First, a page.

Rutland Herald

aesthetics  →
being  →
complexity  →
database  →
enterprise  →
ethics  →
fiction  →
history  →
internet  →
knowledge  →
language  →
licensing  →
linux  →
logic  →
method  →
news  →
perception  →
philosophy  →
policy  →
purpose  →
religion  →
science  →
sociology  →
software  →
truth  →
unix  →
wiki  →
essay  →
feed  →
help  →
system  →
wiki  →
critical  →
discussion  →
forked  →
imported  →
original  →
Rutland Herald
[ temporary import ]
please note:
- the content below is remote from Wikipedia
- it has been imported raw for GetWiki
{{refimprove|date=September 2018}}

The Rutland Herald is the second largest daily newspaper in the U.S. state of Vermont (after the Burlington Free Press). It is published in Rutland. With a daily circulation of about 12,000, it is the main source of news geared towards the southern part of the state, along with the Brattleboro Reformer and the Bennington Banner. The Rutland Herald is the sister paper of the Barre Montpelier Times Argus. Its seven eras of ownership, much simplified, are sketched belowRutland Herald History 1794-1994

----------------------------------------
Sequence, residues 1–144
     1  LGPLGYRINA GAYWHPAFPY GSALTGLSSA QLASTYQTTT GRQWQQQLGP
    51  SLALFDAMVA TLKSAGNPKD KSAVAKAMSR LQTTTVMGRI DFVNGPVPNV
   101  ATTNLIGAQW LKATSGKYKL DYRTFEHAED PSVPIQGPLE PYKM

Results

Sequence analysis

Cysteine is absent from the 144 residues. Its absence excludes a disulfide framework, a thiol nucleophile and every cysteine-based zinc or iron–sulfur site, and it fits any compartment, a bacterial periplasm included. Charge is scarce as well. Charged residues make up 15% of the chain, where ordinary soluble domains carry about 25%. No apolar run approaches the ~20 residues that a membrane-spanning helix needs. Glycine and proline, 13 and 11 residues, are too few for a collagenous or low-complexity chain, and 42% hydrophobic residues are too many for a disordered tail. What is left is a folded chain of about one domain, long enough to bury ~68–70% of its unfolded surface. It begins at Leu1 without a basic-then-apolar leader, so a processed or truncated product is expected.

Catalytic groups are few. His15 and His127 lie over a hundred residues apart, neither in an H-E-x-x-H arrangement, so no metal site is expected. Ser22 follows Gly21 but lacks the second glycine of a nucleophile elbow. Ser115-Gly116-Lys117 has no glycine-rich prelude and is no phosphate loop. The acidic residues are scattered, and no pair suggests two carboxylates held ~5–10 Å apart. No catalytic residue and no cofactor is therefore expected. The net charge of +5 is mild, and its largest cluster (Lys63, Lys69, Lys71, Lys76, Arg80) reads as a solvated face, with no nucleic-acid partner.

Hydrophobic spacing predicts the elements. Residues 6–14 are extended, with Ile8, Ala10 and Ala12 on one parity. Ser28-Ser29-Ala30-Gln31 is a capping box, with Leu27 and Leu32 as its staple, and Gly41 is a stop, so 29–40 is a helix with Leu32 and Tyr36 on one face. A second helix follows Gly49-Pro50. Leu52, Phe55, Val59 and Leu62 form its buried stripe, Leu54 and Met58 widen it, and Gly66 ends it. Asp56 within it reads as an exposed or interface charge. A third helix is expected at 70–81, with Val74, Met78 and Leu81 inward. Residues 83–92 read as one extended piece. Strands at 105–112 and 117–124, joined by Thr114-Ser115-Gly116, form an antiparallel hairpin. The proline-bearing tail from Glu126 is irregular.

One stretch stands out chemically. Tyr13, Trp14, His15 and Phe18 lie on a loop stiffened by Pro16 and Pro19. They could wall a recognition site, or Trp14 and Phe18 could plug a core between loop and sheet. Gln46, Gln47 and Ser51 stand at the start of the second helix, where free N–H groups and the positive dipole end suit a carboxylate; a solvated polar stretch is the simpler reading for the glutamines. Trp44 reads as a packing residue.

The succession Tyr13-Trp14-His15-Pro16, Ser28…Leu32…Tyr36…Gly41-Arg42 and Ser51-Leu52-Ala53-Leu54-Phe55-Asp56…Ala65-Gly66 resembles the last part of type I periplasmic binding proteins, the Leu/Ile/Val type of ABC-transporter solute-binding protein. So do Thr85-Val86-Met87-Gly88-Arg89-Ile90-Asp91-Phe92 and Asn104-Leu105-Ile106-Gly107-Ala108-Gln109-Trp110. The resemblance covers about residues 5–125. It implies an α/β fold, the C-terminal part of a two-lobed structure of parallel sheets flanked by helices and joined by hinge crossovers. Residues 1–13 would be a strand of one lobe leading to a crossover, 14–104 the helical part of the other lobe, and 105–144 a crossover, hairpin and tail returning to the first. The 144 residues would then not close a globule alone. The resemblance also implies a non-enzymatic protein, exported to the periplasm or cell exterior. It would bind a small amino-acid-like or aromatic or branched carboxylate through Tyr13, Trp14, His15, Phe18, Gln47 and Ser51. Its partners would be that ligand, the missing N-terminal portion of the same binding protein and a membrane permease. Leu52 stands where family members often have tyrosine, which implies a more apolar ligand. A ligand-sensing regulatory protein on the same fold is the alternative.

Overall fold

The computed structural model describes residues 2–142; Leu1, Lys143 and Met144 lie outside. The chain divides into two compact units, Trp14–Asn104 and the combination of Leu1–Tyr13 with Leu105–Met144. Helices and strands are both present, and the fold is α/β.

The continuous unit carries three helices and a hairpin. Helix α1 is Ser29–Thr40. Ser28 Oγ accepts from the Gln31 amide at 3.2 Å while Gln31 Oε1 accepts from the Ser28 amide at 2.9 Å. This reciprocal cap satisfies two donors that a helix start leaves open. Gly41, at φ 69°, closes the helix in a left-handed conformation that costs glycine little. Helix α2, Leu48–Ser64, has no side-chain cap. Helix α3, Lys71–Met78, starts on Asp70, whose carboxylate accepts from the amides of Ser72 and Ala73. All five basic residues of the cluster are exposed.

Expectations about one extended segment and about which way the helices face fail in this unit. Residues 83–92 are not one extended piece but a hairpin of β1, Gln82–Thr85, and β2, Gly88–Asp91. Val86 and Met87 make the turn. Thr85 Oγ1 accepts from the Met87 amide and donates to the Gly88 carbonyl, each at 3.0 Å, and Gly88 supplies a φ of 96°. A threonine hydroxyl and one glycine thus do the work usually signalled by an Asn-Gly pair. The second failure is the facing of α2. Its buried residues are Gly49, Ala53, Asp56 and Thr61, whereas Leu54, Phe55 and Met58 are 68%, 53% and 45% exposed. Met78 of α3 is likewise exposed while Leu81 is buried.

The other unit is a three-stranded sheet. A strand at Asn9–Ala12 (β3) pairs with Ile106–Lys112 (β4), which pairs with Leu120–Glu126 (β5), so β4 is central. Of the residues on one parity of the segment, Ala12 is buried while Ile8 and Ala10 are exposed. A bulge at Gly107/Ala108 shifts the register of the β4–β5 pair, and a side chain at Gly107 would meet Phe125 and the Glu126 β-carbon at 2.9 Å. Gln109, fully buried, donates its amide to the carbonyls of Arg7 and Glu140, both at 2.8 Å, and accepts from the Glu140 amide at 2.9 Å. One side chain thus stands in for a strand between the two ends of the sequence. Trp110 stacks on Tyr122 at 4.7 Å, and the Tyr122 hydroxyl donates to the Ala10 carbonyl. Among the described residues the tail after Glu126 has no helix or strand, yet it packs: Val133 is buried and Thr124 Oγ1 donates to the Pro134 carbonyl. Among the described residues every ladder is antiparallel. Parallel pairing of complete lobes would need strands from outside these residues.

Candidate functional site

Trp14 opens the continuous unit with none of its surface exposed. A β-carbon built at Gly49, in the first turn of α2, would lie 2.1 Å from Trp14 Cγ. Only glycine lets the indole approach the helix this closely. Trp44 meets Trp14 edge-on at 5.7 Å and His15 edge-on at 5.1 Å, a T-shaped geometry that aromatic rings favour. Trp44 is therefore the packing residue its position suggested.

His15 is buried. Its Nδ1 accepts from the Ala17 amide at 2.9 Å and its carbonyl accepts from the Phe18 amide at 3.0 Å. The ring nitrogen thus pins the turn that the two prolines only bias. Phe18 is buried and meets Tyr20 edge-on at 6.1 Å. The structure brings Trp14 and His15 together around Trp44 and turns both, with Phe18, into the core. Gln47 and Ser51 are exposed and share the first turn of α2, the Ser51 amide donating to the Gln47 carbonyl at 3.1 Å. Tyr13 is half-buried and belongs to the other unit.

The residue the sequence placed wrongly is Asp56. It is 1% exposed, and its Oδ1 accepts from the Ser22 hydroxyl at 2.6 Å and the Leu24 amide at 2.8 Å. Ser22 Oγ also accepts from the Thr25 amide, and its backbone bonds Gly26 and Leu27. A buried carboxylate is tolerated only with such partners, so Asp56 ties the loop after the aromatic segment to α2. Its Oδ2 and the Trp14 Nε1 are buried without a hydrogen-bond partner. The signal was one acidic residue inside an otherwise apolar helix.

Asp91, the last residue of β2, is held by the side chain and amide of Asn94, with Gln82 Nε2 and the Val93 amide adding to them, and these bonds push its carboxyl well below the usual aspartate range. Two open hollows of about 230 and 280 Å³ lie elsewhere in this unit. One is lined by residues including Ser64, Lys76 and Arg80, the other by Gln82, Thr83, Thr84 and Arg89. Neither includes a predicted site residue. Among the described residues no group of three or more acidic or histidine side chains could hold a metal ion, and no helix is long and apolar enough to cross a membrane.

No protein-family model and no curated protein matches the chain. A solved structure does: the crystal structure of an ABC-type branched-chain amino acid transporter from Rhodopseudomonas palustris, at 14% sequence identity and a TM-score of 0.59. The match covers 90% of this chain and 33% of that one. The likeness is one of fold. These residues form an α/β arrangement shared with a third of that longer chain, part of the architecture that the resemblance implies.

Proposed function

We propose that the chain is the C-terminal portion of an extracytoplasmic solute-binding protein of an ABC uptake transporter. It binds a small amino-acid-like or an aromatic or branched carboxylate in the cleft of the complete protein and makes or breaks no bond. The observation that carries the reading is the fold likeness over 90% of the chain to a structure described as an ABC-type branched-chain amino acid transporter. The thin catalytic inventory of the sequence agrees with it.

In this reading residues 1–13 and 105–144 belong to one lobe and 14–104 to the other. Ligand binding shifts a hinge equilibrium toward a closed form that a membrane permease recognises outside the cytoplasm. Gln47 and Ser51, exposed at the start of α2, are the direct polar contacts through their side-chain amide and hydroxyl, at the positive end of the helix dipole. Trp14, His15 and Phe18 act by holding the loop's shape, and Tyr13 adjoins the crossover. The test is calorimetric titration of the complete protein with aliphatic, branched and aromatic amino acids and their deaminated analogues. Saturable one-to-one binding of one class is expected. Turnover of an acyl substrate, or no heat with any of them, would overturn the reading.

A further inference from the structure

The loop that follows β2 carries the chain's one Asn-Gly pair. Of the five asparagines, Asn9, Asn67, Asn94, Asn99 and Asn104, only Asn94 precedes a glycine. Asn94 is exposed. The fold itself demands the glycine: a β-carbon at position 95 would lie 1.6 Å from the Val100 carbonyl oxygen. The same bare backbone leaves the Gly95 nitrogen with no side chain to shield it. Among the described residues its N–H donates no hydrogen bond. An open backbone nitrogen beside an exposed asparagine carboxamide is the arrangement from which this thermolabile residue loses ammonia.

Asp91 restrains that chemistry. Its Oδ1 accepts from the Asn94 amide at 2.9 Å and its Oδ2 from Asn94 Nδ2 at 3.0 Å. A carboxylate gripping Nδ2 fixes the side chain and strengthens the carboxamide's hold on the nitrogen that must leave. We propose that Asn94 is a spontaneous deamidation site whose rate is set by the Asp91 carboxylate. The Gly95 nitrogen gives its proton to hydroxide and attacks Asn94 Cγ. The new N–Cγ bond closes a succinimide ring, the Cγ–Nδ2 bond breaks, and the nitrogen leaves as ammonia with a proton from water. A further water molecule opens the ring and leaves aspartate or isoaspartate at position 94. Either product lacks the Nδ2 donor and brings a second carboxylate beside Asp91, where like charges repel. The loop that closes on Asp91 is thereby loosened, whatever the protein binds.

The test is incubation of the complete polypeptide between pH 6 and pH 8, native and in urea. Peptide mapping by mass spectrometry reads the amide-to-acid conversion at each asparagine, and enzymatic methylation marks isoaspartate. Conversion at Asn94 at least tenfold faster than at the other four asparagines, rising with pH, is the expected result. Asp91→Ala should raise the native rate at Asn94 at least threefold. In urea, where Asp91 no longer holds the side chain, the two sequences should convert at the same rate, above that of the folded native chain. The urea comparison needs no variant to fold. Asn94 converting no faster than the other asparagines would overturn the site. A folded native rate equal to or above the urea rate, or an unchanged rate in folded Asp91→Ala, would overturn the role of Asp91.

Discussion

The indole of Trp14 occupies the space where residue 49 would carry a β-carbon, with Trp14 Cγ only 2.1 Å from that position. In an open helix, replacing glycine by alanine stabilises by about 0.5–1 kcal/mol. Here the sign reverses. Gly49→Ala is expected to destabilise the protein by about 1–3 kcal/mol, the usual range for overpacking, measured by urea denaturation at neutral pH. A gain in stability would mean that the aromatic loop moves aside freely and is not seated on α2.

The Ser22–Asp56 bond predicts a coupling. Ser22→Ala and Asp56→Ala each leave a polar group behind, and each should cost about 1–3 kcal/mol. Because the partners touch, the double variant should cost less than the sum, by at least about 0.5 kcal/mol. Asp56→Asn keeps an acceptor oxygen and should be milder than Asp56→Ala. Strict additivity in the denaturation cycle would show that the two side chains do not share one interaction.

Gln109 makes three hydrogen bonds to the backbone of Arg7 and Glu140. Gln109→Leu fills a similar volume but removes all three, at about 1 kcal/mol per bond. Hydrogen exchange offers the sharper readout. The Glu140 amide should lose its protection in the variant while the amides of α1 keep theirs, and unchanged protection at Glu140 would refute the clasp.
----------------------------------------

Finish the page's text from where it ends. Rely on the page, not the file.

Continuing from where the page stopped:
IThe Williams-Williams partnership, which launched the Herald as a weekly on December 8, 1794,MAGAZINE, Forbes, Charles S., August 1, 1905, History of Vermont Newspapers,weblink The Vermonter, St. Albans, VT, C. S. Forbes, 13, was brief but among the most interesting. The Rev. Samuel Williams (1743-1800) was a Federalist with high journalistic standards, but his newspaper, as was true of most during these times, barely touched upon local news or state issues. Judge Samuel Williams (1756-1800) was a distant cousin and political leader of early Vermont. Both Williamses are buried on North Main Street in Rutland in the same cemetery.IIThe era of printer William Fay, 1797-1840, was somewhat unfocused during a time when all transportation and commerce depended upon the horse. The paper was largely devoted to biblical parables, fables, poems and homilies.IIIGeorge Beaman (1844 to 1856) provided welcome invigoration - for journalistic, political and technological reasons. He was a strong abolitionist who wanted to influence his Whig party (which soon became the Republican party) with anti-slavery sentiments. During his time the railroads arrived, ending rural isolation, providing a boom for commerce, industry and population. Due to Beaman's boosterism, the railroad was routed through Rutland and became its defining industry for the century to follow.IVDuring the era of George and Albert Tuttle (father and son, 1856-1882), the Herald moved to daily publication when the Civil War began and provided some distinguished reportage on the war. The paper was weakened during postwar depressions and several competitors sprang up. In 1877 the major competitor, the Globe, and the Herald merged. Seeking new investors, Albert Tuttle netted the important P.W. Clement.VMixing business, politics and publishing was what Percival W. Clement was all about; he owned the Herald from 1882 to 1927. A Rutland native, Clement also owned Rutland Railroad, the Clement National Bank and New York real estate interests and a brokerage house. He blatantly used his newspaper to support his own projects and political aspirations. He had a strong rivalry with the strong Proctor family of the Vermont Marble Co. Clement held several political offices, and ran for governor three times before being elected in 1918 at the age of 73.VIThe time of William H. Field and his son William (1927-1947) was one of vastly increased professionalism. Also a Rutland native, Field had a successful career as executive with the Chicago Tribune and was co-founder of the nation's largest-circulation newspaper, the New York Daily News, before returning to Rutland on the death of his father-in-law, Clement, in 1927. At the Herald he started an advertising department, modernized business operations and wrote the annual "Lilac Time" editorial. Bill Field engaged a distinguished typographer to re-design the paper, resulting in major national awards; and he moved the Herald into its present Wales Street building.VIIThe principled era of the Mitchell family began well before Robert W. Mitchell became owner-publisher in 1948 (in partnership with Leroy Noble, the business manager Field had brought from Chicago). Mitchell started at the Herald in 1935 as Vermont Press Bureau reporter in Montpelier, became editor in 1941, and was acting publisher during World War II, when Field enlisted. After 1950 Mitchell took a major role in rebuilding the economy of Rutland, which suffered a massive flood in 1947 and was losing most sources of employment - railroads and stoneworking and "smokestack" industries. He launched an era of some 10,000 editorials over 40 years that promoted the economy and helped rebuild regional confidence, and he gave leadership in commercial and industrial diversification. Mitchell's editorials also supported the ski industry and modern highways, and stood for human rights, amicable race relations and First Amendment freedoms of speech, press, assembly and petition.Mitchell opposed "chain" newspapers, but the Herald in 1964 acquired the Barre-Montpelier Times Argus to keep it in local ownership; and in 1975 his papers launched a joint Sunday edition. In 1986 the Mitchells acquired the Noble interests in both papers, fending off interest from national newspaper chains, based on a Noble-Mitchell handshake agreement. Bob Mitchell died in 1993, and his son R. John Mitchell, publisher since 1978 of the Times Argus, succeeded his father as Herald publisher.VIIIIn 2016, the Mitchell family sold the Herald and Times Argus to Vermont Community Media, owned by businessmen Chip Harris of New Hampshire and Reade Brower of Maine. In 2018, Vermont Community Media sold the Herald and Times Argus to Sample New Group, who owns the Eagle Times.WEB, Writer, DAVID DELCOREStaff, Rutland Herald and Times Argus to be sold — again, Rutland Herald, 2019-03-13,weblink